Bottom Line: It is common for individuals to engage in taxing cognitive activity for prolonged periods of time, resulting in cognitive fatigue that has the potential to produce significant effects in behaviour and decision making.We separately examined these metrics for alterations within both the gains and losses domains, through the two choice tasks.These results indicate that cognitive fatigue destabilizes economic decision making, resulting in inconsistent preferences and informational strategies that may significantly reduce decision quality.

View Article: PubMed Central - PubMed

Affiliation: Department of Psychology, National University of Singapore, Singapore, Singapore; Centre for Cognitive Neuroscience, Neuroscience and Behavioral Disorders Program, Duke-NUS Graduate Medical School, Singapore, Singapore; SINAPSE Institute for Cognitive Science and Neurotechnologies, Singapore, Singapore.

ABSTRACT

Objective: It is common for individuals to engage in taxing cognitive activity for prolonged periods of time, resulting in cognitive fatigue that has the potential to produce significant effects in behaviour and decision making. We sought to examine whether cognitive fatigue modulates economic decision making.

Methods: We employed a between-subject manipulation design, inducing fatigue through 60 to 90 minutes of taxing cognitive engagement against a control group that watched relaxing videos for a matched period of time. Both before and after the manipulation, participants engaged in two economic decision making tasks (one for gains and one for losses). The analyses focused on two areas of economic decision making--preferences and choice strategies. Uncertainty preferences (risk and ambiguity) were quantified as premium values, defined as the degree and direction in which participants alter the valuation of the gamble in comparison to the certain option. The strategies that each participant engaged in were quantified through a choice strategy metric, which contrasts the degree to which choice behaviour relies upon available satisficing or maximizing information. We separately examined these metrics for alterations within both the gains and losses domains, through the two choice tasks.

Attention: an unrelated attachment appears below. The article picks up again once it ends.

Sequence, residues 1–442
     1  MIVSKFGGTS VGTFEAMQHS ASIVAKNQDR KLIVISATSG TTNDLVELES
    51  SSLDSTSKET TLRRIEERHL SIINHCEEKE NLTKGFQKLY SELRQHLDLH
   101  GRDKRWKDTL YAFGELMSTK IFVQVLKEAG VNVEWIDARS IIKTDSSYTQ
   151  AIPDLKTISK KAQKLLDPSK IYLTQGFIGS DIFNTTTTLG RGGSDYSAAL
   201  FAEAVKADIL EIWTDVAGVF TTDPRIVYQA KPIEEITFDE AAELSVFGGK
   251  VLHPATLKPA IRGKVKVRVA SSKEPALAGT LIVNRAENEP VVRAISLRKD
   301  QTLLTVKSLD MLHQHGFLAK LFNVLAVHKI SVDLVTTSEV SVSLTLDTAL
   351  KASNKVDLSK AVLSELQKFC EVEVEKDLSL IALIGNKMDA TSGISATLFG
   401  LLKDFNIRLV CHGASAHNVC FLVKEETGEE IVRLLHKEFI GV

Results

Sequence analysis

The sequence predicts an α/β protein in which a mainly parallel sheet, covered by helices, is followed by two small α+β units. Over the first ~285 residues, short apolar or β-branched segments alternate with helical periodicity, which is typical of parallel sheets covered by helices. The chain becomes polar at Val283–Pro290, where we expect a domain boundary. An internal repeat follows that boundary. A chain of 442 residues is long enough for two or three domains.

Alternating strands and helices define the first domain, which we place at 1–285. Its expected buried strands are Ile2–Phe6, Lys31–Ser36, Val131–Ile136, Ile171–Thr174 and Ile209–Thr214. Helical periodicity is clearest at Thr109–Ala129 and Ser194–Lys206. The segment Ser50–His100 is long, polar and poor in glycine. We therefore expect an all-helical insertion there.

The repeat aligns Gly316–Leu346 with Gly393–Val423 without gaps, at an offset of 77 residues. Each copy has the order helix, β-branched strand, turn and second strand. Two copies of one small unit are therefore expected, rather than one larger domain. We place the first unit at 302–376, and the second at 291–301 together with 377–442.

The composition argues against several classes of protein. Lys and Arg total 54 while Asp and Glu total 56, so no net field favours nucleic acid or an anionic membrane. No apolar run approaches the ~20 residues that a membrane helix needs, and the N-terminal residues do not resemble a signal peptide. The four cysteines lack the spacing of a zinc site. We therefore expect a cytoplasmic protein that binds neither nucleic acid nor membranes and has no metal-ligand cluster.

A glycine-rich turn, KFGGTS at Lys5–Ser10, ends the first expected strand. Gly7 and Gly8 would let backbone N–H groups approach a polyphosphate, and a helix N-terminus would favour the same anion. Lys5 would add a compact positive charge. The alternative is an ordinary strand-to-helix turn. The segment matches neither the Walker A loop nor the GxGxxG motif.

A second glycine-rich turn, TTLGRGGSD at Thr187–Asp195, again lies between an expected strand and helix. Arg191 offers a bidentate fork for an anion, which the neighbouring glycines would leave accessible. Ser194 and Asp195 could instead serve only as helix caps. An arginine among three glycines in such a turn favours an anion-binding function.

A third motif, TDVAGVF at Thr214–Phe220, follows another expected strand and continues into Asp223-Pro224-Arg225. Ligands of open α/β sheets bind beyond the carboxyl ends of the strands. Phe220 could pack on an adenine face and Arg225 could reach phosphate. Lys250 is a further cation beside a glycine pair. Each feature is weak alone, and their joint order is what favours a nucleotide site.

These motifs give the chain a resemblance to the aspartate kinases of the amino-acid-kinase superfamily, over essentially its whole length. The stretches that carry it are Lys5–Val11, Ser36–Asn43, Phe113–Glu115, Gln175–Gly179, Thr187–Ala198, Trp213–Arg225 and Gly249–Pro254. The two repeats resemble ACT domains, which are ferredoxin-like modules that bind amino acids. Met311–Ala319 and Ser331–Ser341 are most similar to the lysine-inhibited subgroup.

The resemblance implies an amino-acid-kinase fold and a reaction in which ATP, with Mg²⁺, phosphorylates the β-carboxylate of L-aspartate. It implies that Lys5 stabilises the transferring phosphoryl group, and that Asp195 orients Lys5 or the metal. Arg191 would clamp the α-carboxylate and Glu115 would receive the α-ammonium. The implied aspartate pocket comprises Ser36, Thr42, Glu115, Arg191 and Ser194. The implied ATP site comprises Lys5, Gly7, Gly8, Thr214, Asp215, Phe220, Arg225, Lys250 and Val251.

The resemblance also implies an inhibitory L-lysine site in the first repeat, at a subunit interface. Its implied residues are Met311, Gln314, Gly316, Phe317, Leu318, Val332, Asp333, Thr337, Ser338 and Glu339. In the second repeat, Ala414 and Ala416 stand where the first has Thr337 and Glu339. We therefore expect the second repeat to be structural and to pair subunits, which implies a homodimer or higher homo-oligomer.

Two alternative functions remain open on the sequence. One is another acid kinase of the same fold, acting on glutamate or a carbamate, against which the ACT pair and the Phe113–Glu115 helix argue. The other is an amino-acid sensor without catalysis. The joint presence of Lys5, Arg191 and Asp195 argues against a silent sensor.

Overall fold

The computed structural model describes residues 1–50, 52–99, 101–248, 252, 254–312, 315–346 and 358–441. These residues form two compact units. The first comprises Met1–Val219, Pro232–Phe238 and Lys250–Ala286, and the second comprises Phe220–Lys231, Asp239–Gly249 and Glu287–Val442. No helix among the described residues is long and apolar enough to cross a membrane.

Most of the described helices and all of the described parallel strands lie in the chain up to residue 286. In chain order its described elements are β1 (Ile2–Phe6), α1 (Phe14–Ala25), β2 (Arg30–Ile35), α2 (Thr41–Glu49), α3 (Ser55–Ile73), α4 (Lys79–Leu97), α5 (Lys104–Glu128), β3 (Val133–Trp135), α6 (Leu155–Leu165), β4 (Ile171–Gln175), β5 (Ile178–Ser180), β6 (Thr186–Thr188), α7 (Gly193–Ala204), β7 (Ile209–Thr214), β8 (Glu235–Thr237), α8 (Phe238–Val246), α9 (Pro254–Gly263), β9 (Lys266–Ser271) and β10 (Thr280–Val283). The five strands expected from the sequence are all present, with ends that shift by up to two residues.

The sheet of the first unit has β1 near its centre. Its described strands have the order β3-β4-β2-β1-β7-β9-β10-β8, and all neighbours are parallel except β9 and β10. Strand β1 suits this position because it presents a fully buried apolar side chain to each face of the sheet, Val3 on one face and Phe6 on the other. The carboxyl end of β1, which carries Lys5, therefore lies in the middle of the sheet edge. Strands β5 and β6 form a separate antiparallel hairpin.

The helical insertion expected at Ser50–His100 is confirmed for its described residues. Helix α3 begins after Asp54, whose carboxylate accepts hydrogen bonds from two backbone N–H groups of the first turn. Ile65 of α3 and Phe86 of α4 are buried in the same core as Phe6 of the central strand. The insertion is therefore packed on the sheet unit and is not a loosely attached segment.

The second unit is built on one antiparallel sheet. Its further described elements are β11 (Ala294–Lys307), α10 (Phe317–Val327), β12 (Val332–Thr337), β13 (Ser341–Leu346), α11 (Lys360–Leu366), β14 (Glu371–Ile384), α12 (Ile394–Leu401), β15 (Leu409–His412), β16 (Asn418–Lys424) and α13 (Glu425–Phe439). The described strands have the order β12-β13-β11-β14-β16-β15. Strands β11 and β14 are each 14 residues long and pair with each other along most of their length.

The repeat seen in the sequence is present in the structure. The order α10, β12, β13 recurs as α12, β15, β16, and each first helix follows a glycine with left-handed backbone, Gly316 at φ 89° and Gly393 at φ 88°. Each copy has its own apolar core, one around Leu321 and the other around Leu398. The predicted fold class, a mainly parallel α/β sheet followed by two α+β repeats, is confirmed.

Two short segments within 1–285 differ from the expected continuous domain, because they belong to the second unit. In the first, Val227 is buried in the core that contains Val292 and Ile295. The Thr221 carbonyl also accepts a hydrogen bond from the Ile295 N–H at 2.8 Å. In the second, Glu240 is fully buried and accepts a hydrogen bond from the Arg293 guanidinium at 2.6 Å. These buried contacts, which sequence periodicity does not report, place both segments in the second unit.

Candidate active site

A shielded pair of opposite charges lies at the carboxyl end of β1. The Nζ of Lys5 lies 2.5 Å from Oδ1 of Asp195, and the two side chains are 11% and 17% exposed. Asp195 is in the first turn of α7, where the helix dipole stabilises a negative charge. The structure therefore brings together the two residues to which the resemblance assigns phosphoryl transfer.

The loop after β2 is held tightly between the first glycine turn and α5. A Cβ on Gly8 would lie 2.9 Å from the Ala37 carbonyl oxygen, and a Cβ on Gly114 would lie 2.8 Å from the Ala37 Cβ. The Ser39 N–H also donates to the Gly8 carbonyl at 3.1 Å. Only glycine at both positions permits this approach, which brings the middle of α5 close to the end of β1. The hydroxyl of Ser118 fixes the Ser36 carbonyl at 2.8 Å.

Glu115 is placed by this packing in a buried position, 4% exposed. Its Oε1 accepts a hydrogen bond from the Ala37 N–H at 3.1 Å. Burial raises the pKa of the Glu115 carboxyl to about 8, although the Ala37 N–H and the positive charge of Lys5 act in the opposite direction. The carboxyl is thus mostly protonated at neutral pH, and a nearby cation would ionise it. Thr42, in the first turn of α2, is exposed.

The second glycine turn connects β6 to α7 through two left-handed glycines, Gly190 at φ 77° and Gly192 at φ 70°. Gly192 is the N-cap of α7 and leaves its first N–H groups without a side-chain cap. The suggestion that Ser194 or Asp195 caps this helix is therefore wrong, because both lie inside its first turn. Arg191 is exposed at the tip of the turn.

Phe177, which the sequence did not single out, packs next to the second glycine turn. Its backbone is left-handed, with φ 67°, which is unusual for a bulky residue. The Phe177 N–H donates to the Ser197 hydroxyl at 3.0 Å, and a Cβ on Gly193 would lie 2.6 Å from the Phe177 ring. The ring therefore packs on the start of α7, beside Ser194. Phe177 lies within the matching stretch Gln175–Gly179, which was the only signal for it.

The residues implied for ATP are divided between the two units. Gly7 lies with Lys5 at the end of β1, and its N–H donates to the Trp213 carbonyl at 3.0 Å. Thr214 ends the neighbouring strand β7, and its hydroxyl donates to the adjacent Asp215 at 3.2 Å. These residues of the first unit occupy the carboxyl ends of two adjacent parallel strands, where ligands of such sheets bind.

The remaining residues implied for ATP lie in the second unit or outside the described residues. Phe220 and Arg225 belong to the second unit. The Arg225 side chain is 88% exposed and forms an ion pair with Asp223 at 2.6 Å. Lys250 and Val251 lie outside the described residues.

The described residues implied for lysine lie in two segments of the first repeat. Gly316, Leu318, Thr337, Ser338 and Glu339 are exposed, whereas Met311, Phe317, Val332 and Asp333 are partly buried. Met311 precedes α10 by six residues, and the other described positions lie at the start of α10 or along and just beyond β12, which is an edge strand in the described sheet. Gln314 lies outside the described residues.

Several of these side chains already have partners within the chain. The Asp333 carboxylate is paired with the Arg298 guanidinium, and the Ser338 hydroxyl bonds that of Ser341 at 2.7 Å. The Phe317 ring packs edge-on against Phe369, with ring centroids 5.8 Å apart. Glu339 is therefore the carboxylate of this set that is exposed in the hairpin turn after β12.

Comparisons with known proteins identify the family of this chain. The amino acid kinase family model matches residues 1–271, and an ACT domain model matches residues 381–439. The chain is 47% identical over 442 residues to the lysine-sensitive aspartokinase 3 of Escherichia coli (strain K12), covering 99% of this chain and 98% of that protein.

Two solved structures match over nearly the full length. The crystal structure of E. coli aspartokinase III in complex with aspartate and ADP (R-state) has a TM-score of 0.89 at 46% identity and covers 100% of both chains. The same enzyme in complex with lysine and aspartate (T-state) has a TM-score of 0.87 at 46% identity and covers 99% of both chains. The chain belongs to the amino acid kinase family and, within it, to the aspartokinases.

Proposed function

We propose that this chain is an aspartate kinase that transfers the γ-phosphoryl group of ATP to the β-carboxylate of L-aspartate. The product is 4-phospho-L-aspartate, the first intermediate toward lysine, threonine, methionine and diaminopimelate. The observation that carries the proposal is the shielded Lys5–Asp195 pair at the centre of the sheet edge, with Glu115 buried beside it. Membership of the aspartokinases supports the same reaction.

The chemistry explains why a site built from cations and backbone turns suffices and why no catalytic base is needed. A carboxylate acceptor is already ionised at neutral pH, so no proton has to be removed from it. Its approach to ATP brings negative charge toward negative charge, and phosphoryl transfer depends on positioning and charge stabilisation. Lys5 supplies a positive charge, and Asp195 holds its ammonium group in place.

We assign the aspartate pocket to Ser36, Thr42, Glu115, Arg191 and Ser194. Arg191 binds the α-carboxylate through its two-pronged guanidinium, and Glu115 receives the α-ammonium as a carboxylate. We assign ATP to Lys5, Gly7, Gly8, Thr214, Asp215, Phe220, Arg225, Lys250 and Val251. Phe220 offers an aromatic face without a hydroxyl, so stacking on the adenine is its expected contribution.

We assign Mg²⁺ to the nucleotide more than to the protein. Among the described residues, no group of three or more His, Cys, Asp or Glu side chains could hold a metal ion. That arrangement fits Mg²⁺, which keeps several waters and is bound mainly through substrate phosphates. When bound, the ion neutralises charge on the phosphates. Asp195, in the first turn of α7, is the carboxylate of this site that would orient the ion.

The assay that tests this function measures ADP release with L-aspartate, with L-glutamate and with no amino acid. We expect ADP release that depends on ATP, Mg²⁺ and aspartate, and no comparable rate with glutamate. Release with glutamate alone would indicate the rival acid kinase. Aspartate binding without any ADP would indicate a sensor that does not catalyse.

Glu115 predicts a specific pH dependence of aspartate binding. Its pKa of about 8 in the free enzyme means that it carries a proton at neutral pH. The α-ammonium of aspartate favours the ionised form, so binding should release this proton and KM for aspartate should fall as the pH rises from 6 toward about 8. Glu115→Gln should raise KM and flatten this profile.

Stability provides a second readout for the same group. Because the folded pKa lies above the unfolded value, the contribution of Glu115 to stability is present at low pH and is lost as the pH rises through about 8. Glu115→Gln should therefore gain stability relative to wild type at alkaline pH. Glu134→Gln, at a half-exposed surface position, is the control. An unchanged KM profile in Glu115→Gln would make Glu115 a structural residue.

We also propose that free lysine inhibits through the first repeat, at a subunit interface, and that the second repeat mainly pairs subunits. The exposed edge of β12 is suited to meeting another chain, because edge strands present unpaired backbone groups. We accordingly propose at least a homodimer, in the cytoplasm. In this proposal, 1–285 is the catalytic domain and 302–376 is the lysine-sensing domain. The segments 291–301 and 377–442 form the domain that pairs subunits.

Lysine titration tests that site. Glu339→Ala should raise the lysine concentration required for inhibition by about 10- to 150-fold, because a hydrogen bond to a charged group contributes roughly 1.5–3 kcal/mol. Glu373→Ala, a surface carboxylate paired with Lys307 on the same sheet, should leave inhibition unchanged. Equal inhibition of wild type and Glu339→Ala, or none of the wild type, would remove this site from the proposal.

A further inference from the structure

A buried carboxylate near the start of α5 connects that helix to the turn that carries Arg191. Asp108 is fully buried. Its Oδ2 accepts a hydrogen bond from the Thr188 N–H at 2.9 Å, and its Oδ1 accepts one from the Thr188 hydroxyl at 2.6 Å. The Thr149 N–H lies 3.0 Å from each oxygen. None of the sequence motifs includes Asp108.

Results: The fatigue manipulation resulted in significantly greater levels of reported subjective fatigue, with correspondingly higher levels of reported effort during the cognitively taxing activity. Cognitive fatigue did not alter uncertainty preferences (risk or ambiguity) or informational strategies, in either the gains or losses domains. Rather, cognitive fatigue resulted in greater test-retest variability across most of our economic measures. These results indicate that cognitive fatigue destabilizes economic decision making, resulting in inconsistent preferences and informational strategies that may significantly reduce decision quality.

No MeSH data available.


Related in: MedlinePlus